Mask and PPEs

COVID-19: Do Gloves and Masks Help?

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We are all trying to protect ourselves from the novel Coronavirus. To improve your chances of remaining healthy, you need to practice an immune-boosting lifestyle by eating healthy, exercising regularly and managing stress. I’ve discussed these topics in recent blogs.

It is also very important is to limit exposure to COVID-19 by practicing social distancing and using different barriers to minimize contact with possible sources of the virus.

The Centers for Disease Control and Prevention has recommended wearing face coverings in certain settings.

How much benefit do we get from wearing gloves? If you leave your residence to go for a walk or run essential errands, you will see many people wearing gloves (mostly rubber, latex or vinyl), as they go about their everyday tasks. Does it makes sense?

Using your ungloved hands – and then washing them often and thoroughly with soap – is the best way to prevent disease.

Healthy hand skin is oily, so it is hydrophobic (repels water/moisture). This barrier prevents most things from penetrating the skin and causing damage or disease. When you wash your hands, especially with soap, you get rid of damaging germs on your skin.

Wearing gloves might cause you to practice worse hand hygiene, because you keep wearing the now-dirty gloves instead of washing your hands. Gloves are only useful when you use them the right way and in a meaningful way.

In hospitals, for example, gloves are used for specific purposes to touch possible contaminated or dirty areas, to prevent contamination of a sick person, or not to soil a clean area. Those gloves also get disposed immediately afterwards, and then medical professionals clean their hands with soap. If you take the gloves off incorrectly, you can actually contaminate your hands with whatever was on the gloves.

If you do not remove the gloves immediately and touch your clothes, your phone, or any other surfaces, like a shopping bag, or the inside of your car, everything will be contaminated and you will potentially spread the virus.

If you touch any part of your face, scratching your nose, adjusting glasses, etc., while wearing these gloves, you will be delivering the virus to the entrance of a possible infection – mouth, nose, eyes.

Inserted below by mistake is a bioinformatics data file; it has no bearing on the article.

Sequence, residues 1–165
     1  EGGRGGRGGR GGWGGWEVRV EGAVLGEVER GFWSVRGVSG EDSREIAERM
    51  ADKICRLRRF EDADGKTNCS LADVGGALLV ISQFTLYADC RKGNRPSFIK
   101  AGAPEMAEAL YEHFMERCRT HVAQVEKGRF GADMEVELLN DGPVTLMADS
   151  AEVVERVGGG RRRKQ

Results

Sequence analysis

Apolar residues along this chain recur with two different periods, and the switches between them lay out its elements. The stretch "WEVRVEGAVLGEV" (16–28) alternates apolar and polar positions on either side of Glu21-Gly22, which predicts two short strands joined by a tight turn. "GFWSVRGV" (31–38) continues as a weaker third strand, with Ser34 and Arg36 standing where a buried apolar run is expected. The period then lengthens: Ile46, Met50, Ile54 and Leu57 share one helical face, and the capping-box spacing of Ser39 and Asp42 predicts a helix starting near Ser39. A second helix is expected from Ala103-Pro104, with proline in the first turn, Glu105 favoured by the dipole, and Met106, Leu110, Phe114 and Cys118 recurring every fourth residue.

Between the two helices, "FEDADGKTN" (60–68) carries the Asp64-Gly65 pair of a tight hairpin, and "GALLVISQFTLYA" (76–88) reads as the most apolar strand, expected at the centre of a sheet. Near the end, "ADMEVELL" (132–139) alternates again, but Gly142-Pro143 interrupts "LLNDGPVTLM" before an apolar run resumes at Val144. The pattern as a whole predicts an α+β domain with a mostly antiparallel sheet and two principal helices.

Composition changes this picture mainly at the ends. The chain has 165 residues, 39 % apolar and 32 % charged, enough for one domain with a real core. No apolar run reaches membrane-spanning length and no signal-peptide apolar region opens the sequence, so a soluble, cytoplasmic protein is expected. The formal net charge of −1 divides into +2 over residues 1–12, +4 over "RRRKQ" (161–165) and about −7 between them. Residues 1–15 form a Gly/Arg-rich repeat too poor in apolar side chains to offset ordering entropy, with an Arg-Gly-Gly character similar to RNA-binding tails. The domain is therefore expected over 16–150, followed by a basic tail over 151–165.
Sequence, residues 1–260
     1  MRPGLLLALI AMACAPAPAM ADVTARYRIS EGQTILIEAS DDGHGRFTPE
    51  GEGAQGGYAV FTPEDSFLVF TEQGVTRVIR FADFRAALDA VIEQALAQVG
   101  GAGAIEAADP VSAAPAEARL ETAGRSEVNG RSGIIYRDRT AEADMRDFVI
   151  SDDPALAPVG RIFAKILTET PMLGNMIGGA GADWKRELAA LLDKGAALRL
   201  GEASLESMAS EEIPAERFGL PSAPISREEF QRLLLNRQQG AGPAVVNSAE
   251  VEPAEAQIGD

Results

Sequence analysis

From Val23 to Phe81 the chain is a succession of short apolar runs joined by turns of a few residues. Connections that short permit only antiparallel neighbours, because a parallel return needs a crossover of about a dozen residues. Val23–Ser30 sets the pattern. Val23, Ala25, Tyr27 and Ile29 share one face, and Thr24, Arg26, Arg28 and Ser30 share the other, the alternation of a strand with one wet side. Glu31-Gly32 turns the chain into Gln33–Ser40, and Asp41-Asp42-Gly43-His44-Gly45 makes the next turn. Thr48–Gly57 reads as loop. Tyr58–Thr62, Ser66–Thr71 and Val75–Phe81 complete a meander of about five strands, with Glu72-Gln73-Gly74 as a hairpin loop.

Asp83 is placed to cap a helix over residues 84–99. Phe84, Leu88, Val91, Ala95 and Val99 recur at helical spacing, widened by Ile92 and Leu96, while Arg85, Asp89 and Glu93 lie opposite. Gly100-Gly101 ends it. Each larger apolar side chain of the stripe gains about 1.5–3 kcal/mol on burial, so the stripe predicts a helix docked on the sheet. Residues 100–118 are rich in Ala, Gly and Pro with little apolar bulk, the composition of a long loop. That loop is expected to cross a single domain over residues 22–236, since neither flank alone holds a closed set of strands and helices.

If you really want to wear gloves, the most effective way to prevent germs from spreading would be to dispose of the gloves and apply hand sanitizer as soon as you step out of the store. If you are using public transportation, you can keep the gloves on (Do Not Touch Your Face! Do Not Answer Your Cellphone!) until you get into your home or car, but do not touch anything, including car keys, car handle and door knob until you toss the gloves and apply sanitizer. Also disinfect any surfaces you normally touch!

Better to focus on practicing good hand hygiene: Wash your hands with soap for 20 seconds. Use alcohol based hand sanitizers while you are outside, but rub it in well and wait until it dries for best results. Do not forget to wash your hands as soon as you get home.

Now lets review the masks: There are three major categories of masks: non-medical, medical/surgical and N95.

When it comes to Coronavirus, masks can reduce pathogen circulation from/to the mouth and nose. They can also serve to remind you not to touch your face, thus preventing you from transmitting pathogens from your hands to your mouth, nose, or eyes.

Non-medical masks that are made at home (typically cloth masks) can be somewhat beneficial, depending on the material used, the number of layers, the fit, and how they are cleaned. The main benefit is to limit exposure to the face. A randomized trial found that healthcare workers wearing cloth masks were 13 times more likely to contract flu-like illnesses than those wearing medical masks. Moisture retention, re-use of cloth masks and poor filtration may result in increased risk of infection. Again, homemade masks have stronger evidence of protecting others from you than for protecting you from others.

Medical/surgical masks offer only minimal to moderate protection for the wearer, but good protection for others if the wearer is sick, but overall they are associated with a reduced risk of severe acute respiratory syndrome (SARS). Most of the evidence for medical masks on slowing cold and flu transmission is seen when they are worn by sick people, but not as much on them protecting healthy people who wear them.

Unfortunately, both medical and cotton masks seem to be ineffective in preventing the dissemination of COVID-19 from the coughs/sneezes of patients with this disease to the environment and external mask surface.

N95 is the most common variety of respirator; it provides a one-two punch of filtering out small particles and sealing the face with a tight fit, which provides the best protection. Unfortunately, in the current environment of limited supply of PPE (personal protective equipment), N95 masks should only be used by healthcare workers, who need to protect themselves from different pathogens and air borne exposures.

In conclusion: should you wear a mask? Yes, masks are useful at a population-wide level, during pandemics like this. Universal community masking shows some evidence, suggesting a benefit for reducing transmission and acquisition of the novel Coronavirus.

When first infected, most people don’t show any symptoms for several days, and up to a quarter of people do not have any symptoms. During this time they could infect you; you could unknowingly infect your friends and family. Therefore minimize interactions and maintain physical distance. Physical contacts with the elderly and immuno-compromised individuals should be extremely limited!

For more information on a healthy lifestyle, please schedule a Functional Medicine evaluation with Dr. Val Koganski by calling 215-750-7000 or online at